7 years ago

ITB Berlin News - Day 3

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  • Berlin
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  • Sharjah
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14 EXCLUSIVE INTERVIEW “At the Helm” of the World’s Biggest Hotel Group Exclusive Interview: Arne Sorenson – President & CEO – Marriott International Arne Sorenson is now at the helm of the largest lodging company in the world, having taken over the Starwood group. We asked him what the most challenging elements were of “managing the deal of the decade”? Arne Sorenson President & CEO – Marriott International WE ARE GOING TO OPEN A HOTEL A LITTLE BIT MORE OFTEN THAN ONCE EVERY 16 HOURS IN 2017 Let’s put it in context. It is big. We are going to open a hotel a little bit more often than once every 16 hours in 2017, which gives you the scale of the size of this, and of course we need to make sure that those hotels each open as close to flawlessly as possible, and that entails an extraordinary amount of work. It means motivating and empowering people who are set up around the world not from decisions that are made at the centre. I think when you look at the most important things for us to get right, obviously we need to get that day-today stuff right, in addition to the operation of the approximately 6,000 hotels we have operating today. But beyond that we have to make sure we pull together the loyalty programmes – Marriott Rewards and SPG - in a way that causes that community of almost 100-million unique members to like the programme as it evolves going forward and to intensify their loyalty to our portfolio of hotels. Why was it so important to acquire Starwood? It really starts with this loyalty programme. We obviously want to be able to deliver to our customers as broad a range of choices as they can, and we want to be able to say to them, “You really don’t need to look anywhere else when you are thinking about booking a hotel today”. We’ve got tremendous distribution in the luxury area, tremendous distribution in lifestyle, strong distribution in select service. As a consequence, no matter what you want to spend, no matter where you are going, no matter what kind of sensibility you want from the hotel, we have a place for you to stay. And we think we can create an ecosystem of loyal customers who look to us for their place to stay and look to us directly for booking their experience, sharing their experience, planning their travel… we want to be relevant in all those spaces. And we think by being bigger, by having that many more choices, by having that much bigger ecosystem of customers, we create something that is just that much more powerful than we could have done on our own. You were chosen as the first “non-family” president & CEO in the history of the company. What qualities were required to fill this role, and what attracted you to this position? I got to know Mr Marriott in 1992, and have been working with him regularly since 1996. He has taught me an extraordinary amount. In many respects, I think he’s forgotten more about the hotel business than I will ever know. But he remains a good partner, and I think as he got to a point where he needed to hand off the CEO role to somebody else, that relationship we had – the fact that I was a known quantity – were very comforting elements to him. I think beyond that, the things he has taught me and I believe to important would be an open-mindedness and a curiosity about trends in our business, threats to our business – and it’s about keeping your ears open and listening – both to folks internally and to competitors and to other forces that are happening in the marketplace. That open mindedness was very much a feature of his leadership style and I hope it’s one of mine. In addition to that, it is a job that requires an attentiveness to people. We all say this of course, but in no industry is it more true than in ours… we are a people business. We cannot deliver the kind of experience we want our guests to have except through our people. What are your thoughts about ITB Berlin? ITB is one of the globe’s principal gatherings of customers and travel companies – and an indispensable place to do business ITB BERLIN NEWS • Friday 10 th March 2017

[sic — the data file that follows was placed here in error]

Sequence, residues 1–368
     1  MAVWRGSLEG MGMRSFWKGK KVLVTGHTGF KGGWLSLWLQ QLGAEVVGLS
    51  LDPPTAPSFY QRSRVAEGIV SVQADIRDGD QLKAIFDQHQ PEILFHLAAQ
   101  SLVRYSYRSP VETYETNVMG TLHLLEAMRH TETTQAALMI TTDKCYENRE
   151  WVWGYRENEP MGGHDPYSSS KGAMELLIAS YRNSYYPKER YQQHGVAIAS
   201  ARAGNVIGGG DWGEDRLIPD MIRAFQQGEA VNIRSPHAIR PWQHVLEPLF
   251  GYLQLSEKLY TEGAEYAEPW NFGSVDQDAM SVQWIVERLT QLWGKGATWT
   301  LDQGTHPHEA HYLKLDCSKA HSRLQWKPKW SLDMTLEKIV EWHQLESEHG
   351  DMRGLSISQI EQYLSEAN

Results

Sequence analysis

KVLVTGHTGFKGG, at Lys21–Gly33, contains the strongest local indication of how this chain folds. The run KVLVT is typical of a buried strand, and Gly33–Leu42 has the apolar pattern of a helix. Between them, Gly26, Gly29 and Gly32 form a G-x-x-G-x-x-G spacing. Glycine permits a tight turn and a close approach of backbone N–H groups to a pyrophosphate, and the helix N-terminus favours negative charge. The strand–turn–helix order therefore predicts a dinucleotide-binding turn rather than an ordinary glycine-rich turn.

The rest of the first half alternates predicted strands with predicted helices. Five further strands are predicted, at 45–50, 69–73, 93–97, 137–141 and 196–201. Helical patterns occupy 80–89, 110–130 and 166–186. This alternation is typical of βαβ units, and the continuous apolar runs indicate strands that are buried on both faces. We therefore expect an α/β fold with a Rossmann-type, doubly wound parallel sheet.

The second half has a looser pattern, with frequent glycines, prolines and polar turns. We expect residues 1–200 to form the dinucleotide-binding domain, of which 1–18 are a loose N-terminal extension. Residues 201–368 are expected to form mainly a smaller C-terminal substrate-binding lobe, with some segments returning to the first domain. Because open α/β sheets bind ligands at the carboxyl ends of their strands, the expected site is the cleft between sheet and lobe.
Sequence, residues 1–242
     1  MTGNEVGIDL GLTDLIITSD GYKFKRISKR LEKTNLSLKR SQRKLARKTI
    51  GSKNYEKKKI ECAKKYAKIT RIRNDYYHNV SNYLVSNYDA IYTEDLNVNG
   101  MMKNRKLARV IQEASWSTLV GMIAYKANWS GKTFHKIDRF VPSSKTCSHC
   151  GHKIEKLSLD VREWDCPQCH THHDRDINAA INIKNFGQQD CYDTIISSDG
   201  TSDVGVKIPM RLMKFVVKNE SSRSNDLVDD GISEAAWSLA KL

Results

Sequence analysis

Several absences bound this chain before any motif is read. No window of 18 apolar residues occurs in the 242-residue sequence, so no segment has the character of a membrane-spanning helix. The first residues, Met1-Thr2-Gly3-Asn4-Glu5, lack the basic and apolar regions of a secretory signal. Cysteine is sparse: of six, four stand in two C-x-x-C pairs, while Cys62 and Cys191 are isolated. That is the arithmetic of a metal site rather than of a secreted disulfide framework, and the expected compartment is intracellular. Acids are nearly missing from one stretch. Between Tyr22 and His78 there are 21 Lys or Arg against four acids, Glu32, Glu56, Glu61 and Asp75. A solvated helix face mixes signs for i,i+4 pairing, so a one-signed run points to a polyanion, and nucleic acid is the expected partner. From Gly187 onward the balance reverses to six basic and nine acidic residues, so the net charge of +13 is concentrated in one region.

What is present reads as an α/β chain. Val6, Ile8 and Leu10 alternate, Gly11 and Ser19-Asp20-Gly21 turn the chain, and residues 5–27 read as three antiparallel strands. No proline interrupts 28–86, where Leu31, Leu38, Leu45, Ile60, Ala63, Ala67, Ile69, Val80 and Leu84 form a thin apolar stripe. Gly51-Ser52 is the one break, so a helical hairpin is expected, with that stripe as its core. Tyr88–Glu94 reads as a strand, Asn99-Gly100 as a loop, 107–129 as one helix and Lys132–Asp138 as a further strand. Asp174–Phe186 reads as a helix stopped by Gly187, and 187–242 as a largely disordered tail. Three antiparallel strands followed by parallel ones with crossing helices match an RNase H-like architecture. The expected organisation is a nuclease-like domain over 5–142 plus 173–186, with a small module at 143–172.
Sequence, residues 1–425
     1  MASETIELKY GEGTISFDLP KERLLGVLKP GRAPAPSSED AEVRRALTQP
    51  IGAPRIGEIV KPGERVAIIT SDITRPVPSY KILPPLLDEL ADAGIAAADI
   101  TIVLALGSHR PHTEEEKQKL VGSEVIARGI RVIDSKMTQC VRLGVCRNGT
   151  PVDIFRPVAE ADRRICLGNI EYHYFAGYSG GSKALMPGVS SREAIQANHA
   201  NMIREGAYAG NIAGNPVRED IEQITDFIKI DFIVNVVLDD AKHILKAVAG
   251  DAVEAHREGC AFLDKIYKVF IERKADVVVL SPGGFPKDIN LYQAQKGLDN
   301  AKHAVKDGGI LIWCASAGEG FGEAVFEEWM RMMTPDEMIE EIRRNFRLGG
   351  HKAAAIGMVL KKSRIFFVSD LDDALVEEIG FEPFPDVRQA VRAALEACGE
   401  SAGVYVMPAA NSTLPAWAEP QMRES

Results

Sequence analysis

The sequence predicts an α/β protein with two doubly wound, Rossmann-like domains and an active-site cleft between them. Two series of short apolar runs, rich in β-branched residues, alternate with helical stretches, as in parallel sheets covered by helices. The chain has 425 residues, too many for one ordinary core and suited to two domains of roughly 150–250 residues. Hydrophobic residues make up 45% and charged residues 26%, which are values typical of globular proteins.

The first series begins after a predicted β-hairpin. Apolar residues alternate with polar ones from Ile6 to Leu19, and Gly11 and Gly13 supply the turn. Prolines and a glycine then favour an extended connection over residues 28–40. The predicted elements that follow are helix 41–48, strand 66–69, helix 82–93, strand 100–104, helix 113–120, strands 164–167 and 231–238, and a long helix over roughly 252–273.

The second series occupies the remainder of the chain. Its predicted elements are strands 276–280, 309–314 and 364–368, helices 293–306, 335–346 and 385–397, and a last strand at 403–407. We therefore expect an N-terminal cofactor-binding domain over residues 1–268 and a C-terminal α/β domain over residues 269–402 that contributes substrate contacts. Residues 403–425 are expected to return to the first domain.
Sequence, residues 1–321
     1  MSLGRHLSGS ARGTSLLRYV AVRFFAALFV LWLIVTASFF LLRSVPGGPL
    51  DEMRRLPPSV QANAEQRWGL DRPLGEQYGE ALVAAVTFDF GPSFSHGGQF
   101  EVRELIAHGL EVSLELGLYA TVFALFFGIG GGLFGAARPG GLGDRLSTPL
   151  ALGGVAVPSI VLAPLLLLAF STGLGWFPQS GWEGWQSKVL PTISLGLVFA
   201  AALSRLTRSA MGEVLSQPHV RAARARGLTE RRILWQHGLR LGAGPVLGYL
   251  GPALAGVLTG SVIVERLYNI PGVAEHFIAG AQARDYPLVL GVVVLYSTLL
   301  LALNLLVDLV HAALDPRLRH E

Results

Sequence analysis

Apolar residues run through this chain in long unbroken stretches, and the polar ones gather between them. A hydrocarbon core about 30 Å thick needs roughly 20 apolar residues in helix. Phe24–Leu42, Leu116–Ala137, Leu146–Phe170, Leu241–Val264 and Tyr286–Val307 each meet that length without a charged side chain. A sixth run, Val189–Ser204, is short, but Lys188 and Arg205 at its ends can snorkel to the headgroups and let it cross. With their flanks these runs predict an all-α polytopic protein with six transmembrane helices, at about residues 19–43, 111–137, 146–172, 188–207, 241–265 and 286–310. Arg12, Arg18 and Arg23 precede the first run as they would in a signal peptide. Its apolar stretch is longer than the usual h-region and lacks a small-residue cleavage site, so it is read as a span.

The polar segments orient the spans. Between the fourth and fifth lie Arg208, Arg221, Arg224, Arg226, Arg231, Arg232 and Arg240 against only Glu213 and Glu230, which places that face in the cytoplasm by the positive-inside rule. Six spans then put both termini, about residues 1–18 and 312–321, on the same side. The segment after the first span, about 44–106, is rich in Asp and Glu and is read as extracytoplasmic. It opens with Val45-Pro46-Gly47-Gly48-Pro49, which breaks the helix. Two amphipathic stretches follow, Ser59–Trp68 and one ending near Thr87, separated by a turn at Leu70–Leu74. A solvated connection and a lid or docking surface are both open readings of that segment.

SPECIAL FEATURE CULTURAL TOURISM 15 Central Souq Sharjah Museum of Islamic Civilization The Emirate of Sharjah has long been a magnet for culture enthusiasts seeking a deeper understanding of the civilisation of the Arab region, both traditional and contemporary – and for good reason. From its fairs and festivals to its museums and universities, Sharjah truly holds its own as a cultural capital in the region and is already attracting travellers hungry for culture. No wonder that Sharjah was named the Islamisc Culture Capital in 2014 for its unparalleled contributions to the preservation of heritage and culture. SHARJAH LIGHT FESTIVAL Sharjah’s dedication to preserve its culture can be seen clearly through the traditional Arabian and Islamic architecture that characterises many of its landmarks. In an effort to shed light, quite literally, on that aspect, the emirate organises the now world famous Sharjah Light Festival, whereby landmarks across Sharjah bear threedimensional light displays for ten days each February. Combining local talents and internationally renowned artists, the festival attracts hundreds of thousands of visitors who come to be amazed by the spectacular illumination of the emirate’s inspiring architecture, rich civilization, history and monuments. The Sharjah Light Festival is continuing to grow in prestige as a highly anticipated cultural event in the region that will give holiday-makers more reason to travel to the Arabian Gulf. LITERATURE AND ART Away from architecture, Sharjah throws considerable weight behind art and literature, among other cultural activities. Every November since 1982, the emirate organises the Sharjah International Book Fair (SIBF), a 10-day event that regularly attracts upwards of one million attendees annually (SIBF 2016 welcomed more than 2.31 million visitors, 1,681 publishing houses from 60 countries, with approximately 1.5 million titles on display). One of the largest book fairs in the world, the SIBF is among the most prestigious in the Arab world and the most exciting literary event in the region. In 2013, the respected book industry publication “The Bookseller” named SIBF one of the top four books fairs globally. Also in the literary vein, the American University of Sharjah boasts an 11,000-square- metre library housing a staggering collection of 125,000 Englishlanguage books, as well as literature in other languages – chiefly Arabic. As for art, the Sharjah Art Museum is a three-storey exhibition space showing artworks and collections covering diverse mediums and techniques. The museum not only welcomes visitors daily from 8:00am to 8:00pm (4:00pm to 8:00pm on Fridays), but is free of charge. Throughout the year, the museum houses several temporary exhibitions and art events. The Museum’s Art Library, meanwhile, is home to over 4,000 titles in Arabic, English, and other languages, along with visual and audio materials. EMIRATES HERITAGE Meanwhile, every April, Sharjah Heritage Days celebrates and preserves the customs and traditions of the UAE with a number of cultural activities, workshops, displays, and entertainment. The annual event coincides with UNESCO’S celebrations of Heritage International Day during the month of April, and is aimed at reminding current and future generations of the rich traditions of the past by throwing light on long-established customs, arts and professions in the region. Sharjah Heritage Days will appeal to tourists looking for an authentic expression of unique Emirati culture. The gulf city has also established a dedicated Calligraphy Museum, and holds the Sharjah Art Biennial once every two years (the 13th Sharjah: Arabia’s Culture Lovers’ Capital Travel trade illuminated by Sharjah’s cultural wonders at ITB Berlin edition is set to take place in 2017), as well as the Sharjah Calligraphy Biennial. In over a decade of operation, the Sharjah Calligraphy Museum has collected over 300 works that adorn canvas, wood, paper and ceramics. The assortment includes historic paintings in the Kufic font and, most notably, the Al Hulia Al Sharifa by Iraqi calligrapher Ziad Al Muhandis (measuring 280x300cm and considered the largest in the Islamic world) Hall 2.2 / Stand 102 ITB BERLIN NEWS • Friday 10 th March 2017